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So last time we were finishing up about micelles and surfactants.
So surfactants are like SDS here. They've got what are called amphiphiles.
They have sort of a polar water soluble functionality on one end of
the molecule. And the other end of the molecule doesn't
like water. Like in this case, it's just a straight chain
hydrocarbon. So it doesn't like to dissolve in water.
And these are surface active agents. So when you put SDS or a detergent in water,
it segregates to the surface and has an impact on things like surface tension.
So here you go. Here's water surface tension with the amount
of-- well this is a mixture of SDS and this other
surfactant. So the open circles there are the pure SDS.
And this one here, the squares, are AOT. And that's down here.
But you can see is basically you start off around 72 dynes per centimeter.
And it drops as you add the surfactant. And that's a general rule that surfactant
tends to lower the surface tension.
And what's happening there is this part's sticking in the water.
And this part's sticking out into the air because the air is, if you think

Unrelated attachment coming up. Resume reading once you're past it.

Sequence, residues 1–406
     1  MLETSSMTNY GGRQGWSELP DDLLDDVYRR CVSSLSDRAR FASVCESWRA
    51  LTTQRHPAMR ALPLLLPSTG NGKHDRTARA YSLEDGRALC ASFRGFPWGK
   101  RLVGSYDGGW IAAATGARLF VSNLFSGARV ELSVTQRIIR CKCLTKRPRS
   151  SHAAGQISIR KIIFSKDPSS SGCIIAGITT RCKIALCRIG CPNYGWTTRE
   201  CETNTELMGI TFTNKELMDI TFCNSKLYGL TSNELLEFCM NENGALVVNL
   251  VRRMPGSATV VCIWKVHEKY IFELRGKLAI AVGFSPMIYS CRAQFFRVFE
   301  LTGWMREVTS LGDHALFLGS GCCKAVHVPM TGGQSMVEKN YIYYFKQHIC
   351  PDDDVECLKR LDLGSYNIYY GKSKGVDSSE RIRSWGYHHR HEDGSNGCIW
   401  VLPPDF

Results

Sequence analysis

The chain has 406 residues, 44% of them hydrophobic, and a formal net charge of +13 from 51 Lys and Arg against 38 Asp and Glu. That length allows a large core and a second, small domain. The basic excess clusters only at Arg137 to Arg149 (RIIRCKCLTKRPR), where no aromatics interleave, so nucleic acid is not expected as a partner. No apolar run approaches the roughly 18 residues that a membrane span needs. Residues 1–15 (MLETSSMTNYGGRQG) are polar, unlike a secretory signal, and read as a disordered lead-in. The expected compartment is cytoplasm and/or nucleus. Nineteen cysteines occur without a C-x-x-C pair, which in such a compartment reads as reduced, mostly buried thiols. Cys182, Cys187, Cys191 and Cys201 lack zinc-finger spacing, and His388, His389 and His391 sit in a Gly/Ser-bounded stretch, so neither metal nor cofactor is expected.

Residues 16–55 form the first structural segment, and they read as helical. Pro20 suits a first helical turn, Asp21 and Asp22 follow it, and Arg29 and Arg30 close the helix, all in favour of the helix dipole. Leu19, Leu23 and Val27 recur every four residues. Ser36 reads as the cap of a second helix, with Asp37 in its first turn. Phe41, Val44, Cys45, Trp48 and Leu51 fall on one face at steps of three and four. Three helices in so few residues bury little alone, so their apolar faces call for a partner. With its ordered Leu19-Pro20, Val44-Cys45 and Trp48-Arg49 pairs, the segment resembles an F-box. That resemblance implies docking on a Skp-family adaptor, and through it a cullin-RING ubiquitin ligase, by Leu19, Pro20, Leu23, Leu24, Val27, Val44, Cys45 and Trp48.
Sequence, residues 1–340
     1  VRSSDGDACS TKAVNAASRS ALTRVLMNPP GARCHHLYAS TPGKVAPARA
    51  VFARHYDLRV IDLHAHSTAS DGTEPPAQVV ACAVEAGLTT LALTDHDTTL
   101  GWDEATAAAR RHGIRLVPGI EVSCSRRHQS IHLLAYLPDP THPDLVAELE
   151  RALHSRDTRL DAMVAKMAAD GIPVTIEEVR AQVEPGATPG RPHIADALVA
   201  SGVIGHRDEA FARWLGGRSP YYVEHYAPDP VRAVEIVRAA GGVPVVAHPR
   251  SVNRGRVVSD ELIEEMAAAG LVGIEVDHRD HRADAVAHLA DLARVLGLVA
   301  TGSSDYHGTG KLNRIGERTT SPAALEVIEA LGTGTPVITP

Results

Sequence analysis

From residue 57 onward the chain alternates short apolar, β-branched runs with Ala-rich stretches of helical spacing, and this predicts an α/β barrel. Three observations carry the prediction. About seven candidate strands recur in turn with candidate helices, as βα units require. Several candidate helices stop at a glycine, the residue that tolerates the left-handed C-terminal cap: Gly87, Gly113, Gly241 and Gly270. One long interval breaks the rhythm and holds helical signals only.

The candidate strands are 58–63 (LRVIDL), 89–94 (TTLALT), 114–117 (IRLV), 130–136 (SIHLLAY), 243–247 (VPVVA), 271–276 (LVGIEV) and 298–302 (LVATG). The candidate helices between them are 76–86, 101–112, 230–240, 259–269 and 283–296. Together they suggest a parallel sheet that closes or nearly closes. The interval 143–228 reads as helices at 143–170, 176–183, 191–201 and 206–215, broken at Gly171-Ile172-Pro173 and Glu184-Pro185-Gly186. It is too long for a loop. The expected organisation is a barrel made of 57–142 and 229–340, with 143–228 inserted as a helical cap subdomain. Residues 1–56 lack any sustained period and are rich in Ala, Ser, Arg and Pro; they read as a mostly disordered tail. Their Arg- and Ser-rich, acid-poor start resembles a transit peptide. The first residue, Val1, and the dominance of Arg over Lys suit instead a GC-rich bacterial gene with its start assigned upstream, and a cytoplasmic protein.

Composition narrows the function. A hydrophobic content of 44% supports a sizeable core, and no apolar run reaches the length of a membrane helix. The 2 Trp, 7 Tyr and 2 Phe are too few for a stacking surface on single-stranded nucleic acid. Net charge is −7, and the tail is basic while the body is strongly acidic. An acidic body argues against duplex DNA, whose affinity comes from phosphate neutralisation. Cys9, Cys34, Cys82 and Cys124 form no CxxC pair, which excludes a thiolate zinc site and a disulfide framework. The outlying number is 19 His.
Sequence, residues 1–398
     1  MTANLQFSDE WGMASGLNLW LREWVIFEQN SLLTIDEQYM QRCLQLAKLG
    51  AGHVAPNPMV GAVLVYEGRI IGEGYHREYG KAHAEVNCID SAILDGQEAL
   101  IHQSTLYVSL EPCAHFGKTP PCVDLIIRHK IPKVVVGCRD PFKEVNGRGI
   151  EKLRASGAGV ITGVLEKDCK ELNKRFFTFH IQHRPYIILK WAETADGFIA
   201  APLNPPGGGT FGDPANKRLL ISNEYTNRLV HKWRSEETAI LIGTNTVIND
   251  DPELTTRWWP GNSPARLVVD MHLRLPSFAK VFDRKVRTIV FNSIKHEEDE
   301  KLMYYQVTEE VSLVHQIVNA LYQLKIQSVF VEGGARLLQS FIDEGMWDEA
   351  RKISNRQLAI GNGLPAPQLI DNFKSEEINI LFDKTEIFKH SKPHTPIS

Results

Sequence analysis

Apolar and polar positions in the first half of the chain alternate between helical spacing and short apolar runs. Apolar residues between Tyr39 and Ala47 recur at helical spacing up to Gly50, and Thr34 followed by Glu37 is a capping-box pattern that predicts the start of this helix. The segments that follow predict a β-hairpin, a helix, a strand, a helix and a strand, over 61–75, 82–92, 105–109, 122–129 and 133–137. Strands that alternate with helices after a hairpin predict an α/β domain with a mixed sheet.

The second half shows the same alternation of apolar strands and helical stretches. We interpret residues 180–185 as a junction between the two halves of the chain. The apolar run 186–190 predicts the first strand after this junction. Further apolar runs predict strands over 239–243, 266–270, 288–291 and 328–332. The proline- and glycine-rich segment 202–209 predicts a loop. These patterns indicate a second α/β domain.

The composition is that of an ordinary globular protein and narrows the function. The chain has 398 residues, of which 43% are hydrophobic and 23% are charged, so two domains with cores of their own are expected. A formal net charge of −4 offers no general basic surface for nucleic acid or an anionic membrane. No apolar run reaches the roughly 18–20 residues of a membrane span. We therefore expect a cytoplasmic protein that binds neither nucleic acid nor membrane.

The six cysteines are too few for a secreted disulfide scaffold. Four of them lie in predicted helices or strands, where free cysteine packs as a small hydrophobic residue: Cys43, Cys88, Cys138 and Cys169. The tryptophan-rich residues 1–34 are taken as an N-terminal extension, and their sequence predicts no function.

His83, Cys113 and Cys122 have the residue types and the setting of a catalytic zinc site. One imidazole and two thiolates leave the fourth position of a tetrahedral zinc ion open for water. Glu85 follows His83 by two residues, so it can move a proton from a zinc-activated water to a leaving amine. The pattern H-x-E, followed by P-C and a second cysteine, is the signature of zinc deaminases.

about it, is hydrophobic. It's not water.
But then what we noticed is something very strange happens here is once you
get to a certain point, it turns out the surface tension
doesn't change anymore. And what's happening there is a very unusual
thing. These molecules have decided to join one another,
aggregate spontaneously to create these things called micelles.
And I'll go to the next slide. So there's one here.
Once you get above this critical micelle concentration that we talked
about, you start to see these nanometer scale particles
that scatter light. And it gets a little bluish tinge because
of the way light scatters at different wavelengths.
And these can form aggregates, all kinds of complexity these surfactants.
So two that we'll talk about more today are these--
the phospholipid bilayer and the liposome. But we can also get things that are tubular.
So in this case, it's an aqueous solution. If you have an oil, you'll actually get the
inverse micelle, where the polar groups stick together in the middle
and the aliphatic groups stick out into the oil.
Same thing happens. So, for instance, if you want to disperse
water and oil, you use surfactants to do exactly the opposite.
Right? There'll be water in the side here, inside
this little droplet. And so instead of being--
phase separating into oil and water or oil and vinegar, you can add a
surfactant and get that vinegar to disperse within the oil.
So there's lots of food grade surfactants to help you do
that kind of thing.